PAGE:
Today I’m flying low and I’m
not saying a word
I’m letting all the voodoos of ambition sleep.
The world goes on as it must,
the bees in the garden rumbling a little,
the fish leaping, the gnats getting eaten.
And so forth.
But I’m taking the day off.
Quiet as a feather.
I hardly move though really I’m traveling
a terrific distance.
Stillness. One of the doors
into the temple.
Yes. That. “I hardly move though really I’m traveling a terrific distance.” Oh, yes. I know that one. Periodically, like now, I sort of fold inward and read books, kind of like swimming underwater. I read and read and read and read and come up for air and food, and submerge back into the book(s) again and read and read and read and read. I did that with Jane Fancher‘s “Uplink,” “Ground Ties” and “Harmonies of the Net,” reading three rather large books in as many days. Or rereading all 14 of C. J. Cherryh‘s Foreigner books one right after another, or Seanan McGuire‘s “October Daye” series. It’s like I’m putting the clutch in and taking myself out of whatever gear of real life I was in, preparatory to shifting into another gear.
As advertised, my cousin drove over from New Mexico yesterday, and we went out to eat at Red Lobster. The folks and I went with him in his car and my brother drove over from the shop and met us. Afterwards, the folks and I went back to their house and my mom and her nephew “caught up” on everything. It was strange to sit across the room and listen to her and him talking about things from her childhood and his. (When I was growing up, she never talked much about her childhood, and it was not something we asked about.) As they talked, I found out things I hadn’t known.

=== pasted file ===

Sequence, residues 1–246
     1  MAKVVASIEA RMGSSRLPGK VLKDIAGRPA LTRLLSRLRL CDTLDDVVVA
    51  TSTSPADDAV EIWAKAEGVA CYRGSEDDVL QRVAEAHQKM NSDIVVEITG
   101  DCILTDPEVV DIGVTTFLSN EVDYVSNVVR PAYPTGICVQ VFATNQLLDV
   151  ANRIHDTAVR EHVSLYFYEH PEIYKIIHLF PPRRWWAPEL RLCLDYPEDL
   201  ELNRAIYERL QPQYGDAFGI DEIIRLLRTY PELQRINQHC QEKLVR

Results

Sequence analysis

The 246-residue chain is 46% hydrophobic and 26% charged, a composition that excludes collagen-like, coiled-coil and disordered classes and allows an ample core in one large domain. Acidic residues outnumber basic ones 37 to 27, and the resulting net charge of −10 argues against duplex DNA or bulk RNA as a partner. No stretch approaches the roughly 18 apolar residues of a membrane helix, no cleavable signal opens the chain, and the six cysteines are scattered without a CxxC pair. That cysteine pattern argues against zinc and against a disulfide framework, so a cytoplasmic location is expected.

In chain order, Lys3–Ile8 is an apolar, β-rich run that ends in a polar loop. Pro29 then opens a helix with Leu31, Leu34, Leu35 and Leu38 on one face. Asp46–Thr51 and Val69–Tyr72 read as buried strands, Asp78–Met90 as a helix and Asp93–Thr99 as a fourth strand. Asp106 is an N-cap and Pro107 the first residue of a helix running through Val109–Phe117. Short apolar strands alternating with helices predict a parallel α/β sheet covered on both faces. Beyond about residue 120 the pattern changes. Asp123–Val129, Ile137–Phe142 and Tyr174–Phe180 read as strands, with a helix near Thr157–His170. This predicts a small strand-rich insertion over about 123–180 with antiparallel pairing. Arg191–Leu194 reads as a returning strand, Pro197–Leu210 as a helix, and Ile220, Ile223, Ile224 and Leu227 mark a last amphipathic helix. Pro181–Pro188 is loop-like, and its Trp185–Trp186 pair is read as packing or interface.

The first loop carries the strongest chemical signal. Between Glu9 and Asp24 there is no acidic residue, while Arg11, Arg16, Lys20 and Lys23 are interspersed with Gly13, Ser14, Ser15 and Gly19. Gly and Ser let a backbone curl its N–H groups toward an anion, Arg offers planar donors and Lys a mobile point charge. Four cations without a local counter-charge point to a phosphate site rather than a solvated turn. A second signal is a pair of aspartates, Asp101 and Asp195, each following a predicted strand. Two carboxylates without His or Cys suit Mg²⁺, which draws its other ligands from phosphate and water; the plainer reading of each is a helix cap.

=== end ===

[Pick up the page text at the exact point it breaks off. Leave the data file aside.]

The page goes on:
One remark she made really gave me pause. She said whenever she would get toys, she would never play with them because she didn’t want to mess them up or break them. While she did grow up during the depression, they lived on a farm and always had enough of the things they needed. And it wasn’t that she didn’t have any toys, because she did. She just wanted to keep them pretty and new looking.
She still has a little tin turtle she got about aged 2, which her father brought back for her from a trip into town to get supplies. It was rather poignant to hear her speak of it as her father was killed in 1927 when she was about 2-1/2 years old, and she only remembers seeing him once, just after he died.
My cousin’s mother, SE, is my mother’s oldest sister, the fifth child after four boys. When SE was very young, she was sickly and because the family lived out on a farm, with nearly 20 miles of unpaved roads between them and the nearest town, her father sent her to live in town with his unmarried sisters, EC and ME, where she could be near a doctor. SE was young enough when they took her and stayed with them long enough that when she was finally able to return home, she missed them.
She was all right during the day, but in the evenings, she would “pine” for them and her father couldn’t bear to see it, so he let his sisters take SE and raise her. By then, SE had two younger sisters. When SE married, she and her husband lived with the sisters until they could save up the money to build a house. ME eventually came to live with them until her death, and I remember her well as a tall, slender, woman with silver hair she wore in a French twist. The above are pictures I took of pictures that my aunt SE had. The originals would have been taken around 1900. EC worked, and ME kept house. Supposedly, EC was the first woman ever to work in a bank in the town where they lived, and worked for many years for a state senator. EC eventually married, but ME never did.
It’s interesting the way faces repeat through the generations. I can see ME in my mother and EC in an aunt, her daughters and another cousin.